Fortunately, some publishers are trying to do better than the average.
For example, Simon & Schuster recently announced a new environmental initiative and paper policy with a 2012 goal of deriving 10% of the company's purchased paper from forests certified by the Forest Stewardship Council (FSC)–an international organization headquartered in Bonn, Germany that sets standards worldwide for responsible forest management. If paper is FSC certified, it came from forests that are managed in a socially and environmentally responsible way.
Random House set the bar even higher with its goal of raising the proportion of recycled paper it uses to 30% by 2010. It used 3% recycled paper in 2006. And according to paperrecycles.org, the US paper industry has set an industry goal of recovering 55% of all the paper consumed in the United States by 2012.
But it's not enough, especially when you compare those numbers to the new figures showing that the European Union (EU) paper recycling rate reached 63.4 percent in 2006 (according to statistics released by the European Recovered Paper Council, or ERCP).
There's much more that can be done in the United States. Don't believe those tired old arguments about higher costs and customer indifference. A 2005 survey conducted by Book Business magazine showed that "17% of publishers using at least 30% post-consumer recycled fiber were able to achieve cost parity." And a 2005 study co-sponsored by BookTech magazine, Co-Op America, and Green Press Initiative found that "80% of consumers who had purchased a book or magazine in the past six months would be willing to pay more for a book or magazine printed on recycled paper." More than 42% of respondents were also willing to pay an additional $1 to purchase a book printed on recycled paper. And what about the future costs of not doing much of anything?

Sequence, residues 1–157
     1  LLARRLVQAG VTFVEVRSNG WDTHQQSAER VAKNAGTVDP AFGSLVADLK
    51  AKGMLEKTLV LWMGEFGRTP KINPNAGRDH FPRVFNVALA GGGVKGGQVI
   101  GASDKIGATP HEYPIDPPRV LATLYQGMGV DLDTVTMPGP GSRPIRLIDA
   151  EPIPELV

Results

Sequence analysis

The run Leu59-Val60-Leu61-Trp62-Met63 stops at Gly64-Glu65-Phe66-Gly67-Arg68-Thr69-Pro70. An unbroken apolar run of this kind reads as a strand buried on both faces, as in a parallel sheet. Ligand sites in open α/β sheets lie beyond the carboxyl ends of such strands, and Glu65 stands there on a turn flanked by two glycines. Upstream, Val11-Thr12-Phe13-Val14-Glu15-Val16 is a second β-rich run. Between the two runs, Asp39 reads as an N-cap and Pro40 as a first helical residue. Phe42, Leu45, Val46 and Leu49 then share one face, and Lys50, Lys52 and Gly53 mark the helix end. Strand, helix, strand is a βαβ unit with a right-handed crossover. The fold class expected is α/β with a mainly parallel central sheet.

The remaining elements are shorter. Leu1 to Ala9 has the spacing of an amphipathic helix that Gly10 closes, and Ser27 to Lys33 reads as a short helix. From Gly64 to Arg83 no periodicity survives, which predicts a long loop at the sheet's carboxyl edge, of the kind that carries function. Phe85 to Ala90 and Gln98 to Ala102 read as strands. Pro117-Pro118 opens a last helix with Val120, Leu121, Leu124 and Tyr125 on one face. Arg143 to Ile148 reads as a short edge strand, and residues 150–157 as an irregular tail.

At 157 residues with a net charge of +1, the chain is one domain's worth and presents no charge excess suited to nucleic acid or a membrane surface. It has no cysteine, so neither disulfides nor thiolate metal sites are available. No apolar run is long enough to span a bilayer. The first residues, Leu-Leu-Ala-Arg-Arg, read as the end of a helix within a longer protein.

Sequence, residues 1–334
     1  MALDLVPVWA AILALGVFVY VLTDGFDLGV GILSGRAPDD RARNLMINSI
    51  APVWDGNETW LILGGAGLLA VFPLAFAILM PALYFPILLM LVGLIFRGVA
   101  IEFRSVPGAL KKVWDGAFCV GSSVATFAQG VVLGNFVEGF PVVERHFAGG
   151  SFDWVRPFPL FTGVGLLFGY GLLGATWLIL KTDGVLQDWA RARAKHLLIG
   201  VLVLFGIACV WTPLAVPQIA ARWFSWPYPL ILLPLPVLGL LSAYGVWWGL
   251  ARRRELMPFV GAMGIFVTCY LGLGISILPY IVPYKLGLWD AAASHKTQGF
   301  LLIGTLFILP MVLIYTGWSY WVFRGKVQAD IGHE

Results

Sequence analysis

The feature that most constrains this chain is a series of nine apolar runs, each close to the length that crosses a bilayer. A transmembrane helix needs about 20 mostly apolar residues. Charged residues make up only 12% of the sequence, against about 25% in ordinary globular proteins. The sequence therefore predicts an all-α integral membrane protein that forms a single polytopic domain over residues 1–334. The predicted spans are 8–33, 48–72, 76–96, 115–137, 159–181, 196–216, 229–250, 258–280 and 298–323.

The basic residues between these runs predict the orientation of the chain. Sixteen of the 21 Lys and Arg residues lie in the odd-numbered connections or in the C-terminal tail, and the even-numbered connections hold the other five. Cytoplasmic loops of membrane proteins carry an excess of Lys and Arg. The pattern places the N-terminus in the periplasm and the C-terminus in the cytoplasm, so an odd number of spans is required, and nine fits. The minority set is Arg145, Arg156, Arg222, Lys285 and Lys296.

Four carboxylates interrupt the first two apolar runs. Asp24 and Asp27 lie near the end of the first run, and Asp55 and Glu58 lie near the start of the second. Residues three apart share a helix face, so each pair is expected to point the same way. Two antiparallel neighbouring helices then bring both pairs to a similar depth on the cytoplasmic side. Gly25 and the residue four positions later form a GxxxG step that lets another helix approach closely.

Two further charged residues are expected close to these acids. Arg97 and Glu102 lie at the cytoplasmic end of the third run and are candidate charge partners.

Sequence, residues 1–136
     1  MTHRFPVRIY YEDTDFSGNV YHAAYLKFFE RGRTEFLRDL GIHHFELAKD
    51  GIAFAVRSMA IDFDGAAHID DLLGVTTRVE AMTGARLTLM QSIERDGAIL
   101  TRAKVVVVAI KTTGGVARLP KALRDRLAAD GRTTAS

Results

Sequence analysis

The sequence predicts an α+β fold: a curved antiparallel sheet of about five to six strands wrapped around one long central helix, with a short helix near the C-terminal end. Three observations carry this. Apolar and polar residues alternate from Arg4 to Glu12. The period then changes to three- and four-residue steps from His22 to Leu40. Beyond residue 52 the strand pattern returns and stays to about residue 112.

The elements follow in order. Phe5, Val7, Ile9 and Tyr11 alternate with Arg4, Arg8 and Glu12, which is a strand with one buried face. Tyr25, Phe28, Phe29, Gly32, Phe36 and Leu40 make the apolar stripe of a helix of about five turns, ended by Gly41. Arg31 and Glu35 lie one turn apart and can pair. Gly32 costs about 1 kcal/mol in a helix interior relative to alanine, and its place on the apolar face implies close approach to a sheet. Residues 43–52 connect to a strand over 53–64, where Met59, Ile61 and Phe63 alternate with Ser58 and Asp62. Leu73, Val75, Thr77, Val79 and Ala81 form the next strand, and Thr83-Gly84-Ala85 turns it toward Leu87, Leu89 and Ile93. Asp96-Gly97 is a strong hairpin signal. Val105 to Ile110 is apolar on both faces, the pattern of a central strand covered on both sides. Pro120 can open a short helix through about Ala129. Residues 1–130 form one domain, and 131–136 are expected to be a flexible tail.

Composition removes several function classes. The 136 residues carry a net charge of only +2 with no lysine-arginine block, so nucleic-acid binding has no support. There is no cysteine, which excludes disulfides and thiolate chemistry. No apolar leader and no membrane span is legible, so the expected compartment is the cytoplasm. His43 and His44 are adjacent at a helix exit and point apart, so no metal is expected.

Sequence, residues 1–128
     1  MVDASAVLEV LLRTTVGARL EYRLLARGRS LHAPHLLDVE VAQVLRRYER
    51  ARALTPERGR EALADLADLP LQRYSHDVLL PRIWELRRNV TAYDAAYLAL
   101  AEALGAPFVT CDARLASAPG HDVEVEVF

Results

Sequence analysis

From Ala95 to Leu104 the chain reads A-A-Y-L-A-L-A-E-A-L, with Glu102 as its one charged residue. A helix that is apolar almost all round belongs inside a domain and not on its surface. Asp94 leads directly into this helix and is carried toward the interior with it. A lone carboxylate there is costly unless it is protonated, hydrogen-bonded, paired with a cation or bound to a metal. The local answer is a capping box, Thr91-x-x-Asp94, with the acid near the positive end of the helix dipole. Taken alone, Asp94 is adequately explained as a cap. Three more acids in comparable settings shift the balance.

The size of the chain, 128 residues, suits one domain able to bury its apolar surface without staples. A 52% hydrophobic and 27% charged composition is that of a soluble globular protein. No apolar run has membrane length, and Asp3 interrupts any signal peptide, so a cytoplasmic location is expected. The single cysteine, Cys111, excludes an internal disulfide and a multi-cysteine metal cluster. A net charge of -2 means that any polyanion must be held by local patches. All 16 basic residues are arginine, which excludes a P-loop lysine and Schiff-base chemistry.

And it's not just readers who are concerned about the environment---authors such as J.K. Rowling, Alice Walker, and Margaret Atwood are joining their voices in the call for conservation. Rowling's Harry Potter and the Deathly Hallows, which boasted a record-breaking print run, was produced with great environmental care. Six new types of paper were developed specifically for the book, and Markets Initiative, a Canadian environmental group, presented the Order of the Forest award to Rowling for saving trees and encouraging other publishers to do the same.
This holiday season, why not give the gift of trees to your readers?